Kaithi was the traditional script of the Bhojpuri and Magahi languages, and the popular script of the Awadhi and Maithili languages. These languages are now written largely in Devanagari. Kaithi was also used to write Urdu, which is now written in the Perso-Arabic script.
Several sources refer to Kaithi as the script of the Bihari language. This is misleading since there is no such language. Bihari is a subdivision of Eastern Indo-Aryan languages but the languages in this group are not spoken exclusively in the state of Bihar. Many of the languages classed as Bihari have been written in the Kaithi script at some point in their history.
Kaithi was used alongside Devanagari for writing Awadhi, which is spoken predominantly in Uttar Pradesh but also in Nepal, Madhya Pradesh, and Bihar. It is also the traditional script for Bhojpuri, which is spoken primarily in Uttar Pradesh and Bihar, as well as in Nepal. Bhojpuri-speaking ex-pat communities in Mauritius, Guyana, Trinidad, South Africa, Suriname and Fiji also use the Kaithi script. The Maithili language is spoken in Bihar and Nepal and was previously written in the Kaithi and the Mithila scripts, depending on the caste of the person writing. Kaithi was used for writing Bengali on the border of Bihar and Bengal, and for the Marwari language on the Western periphery in Rajasthan. Magahi, spoken in Bihar and West Bengal, was traditionally written in Kaithi. These languages began to be written in the Devanagari script in the early 1900s and Kaithi is now used rarely, if at all, and only in informal contexts such as personal communication.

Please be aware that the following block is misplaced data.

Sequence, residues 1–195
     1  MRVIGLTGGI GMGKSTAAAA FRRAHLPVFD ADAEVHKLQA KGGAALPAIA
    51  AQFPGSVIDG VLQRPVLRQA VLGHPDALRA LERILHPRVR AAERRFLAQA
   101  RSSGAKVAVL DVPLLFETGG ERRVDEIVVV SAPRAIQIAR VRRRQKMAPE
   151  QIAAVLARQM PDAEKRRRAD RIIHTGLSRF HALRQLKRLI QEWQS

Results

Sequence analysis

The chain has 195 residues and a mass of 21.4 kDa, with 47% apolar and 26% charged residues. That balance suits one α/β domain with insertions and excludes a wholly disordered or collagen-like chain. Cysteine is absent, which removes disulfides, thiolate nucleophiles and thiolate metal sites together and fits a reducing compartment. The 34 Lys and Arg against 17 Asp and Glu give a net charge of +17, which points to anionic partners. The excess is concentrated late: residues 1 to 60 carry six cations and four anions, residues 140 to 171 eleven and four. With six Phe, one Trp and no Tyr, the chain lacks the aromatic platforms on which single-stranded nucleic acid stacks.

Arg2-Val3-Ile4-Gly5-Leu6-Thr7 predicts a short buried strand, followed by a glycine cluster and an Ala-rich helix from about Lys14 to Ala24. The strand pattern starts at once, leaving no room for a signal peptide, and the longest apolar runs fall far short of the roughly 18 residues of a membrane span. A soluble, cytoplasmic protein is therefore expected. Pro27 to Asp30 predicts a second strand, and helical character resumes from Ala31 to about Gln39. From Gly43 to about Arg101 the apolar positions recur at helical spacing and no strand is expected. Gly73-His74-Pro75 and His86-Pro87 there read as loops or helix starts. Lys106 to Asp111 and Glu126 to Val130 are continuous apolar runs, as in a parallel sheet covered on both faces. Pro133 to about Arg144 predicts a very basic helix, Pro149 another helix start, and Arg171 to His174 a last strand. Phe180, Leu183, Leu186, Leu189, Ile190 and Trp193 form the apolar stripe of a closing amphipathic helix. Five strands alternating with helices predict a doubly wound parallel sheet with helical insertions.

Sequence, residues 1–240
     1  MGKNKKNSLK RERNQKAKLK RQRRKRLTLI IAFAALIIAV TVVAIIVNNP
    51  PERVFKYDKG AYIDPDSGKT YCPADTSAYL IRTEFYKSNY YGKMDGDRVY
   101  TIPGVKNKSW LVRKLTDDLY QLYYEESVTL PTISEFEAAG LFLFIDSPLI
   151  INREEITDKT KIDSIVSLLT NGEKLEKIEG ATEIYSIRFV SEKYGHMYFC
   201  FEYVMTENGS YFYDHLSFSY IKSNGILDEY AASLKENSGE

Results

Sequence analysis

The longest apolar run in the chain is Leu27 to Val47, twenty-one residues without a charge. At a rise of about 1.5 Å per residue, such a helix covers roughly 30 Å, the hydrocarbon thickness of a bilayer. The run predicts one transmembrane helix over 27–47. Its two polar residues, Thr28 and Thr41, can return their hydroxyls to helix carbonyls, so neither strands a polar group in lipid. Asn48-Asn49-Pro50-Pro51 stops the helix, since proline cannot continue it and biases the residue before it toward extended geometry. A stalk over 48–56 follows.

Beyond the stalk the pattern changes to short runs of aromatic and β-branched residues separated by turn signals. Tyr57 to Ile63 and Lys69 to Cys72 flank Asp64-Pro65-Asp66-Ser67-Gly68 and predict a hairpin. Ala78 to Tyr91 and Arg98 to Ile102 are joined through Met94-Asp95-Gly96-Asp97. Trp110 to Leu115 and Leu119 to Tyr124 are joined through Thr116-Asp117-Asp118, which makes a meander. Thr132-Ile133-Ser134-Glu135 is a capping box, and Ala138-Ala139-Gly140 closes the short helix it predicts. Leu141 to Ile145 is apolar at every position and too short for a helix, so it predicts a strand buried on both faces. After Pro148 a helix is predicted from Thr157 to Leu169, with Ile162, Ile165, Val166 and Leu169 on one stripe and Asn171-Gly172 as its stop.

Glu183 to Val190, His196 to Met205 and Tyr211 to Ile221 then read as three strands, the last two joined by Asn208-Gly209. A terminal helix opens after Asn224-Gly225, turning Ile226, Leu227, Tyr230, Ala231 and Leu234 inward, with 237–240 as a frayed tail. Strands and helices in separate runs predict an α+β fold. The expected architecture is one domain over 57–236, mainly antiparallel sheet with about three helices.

Kaithi was also used in the law courts of Bihar for writing the Urdu language, which is now written in the Perso-Arabic script. The majority of extant legal documents from Bihar from the British period are in Urdu written in Kaithi.
Anshuman Pandey, Proposal to Encode the Kaithi Script in ISO/IEC 10646, 2007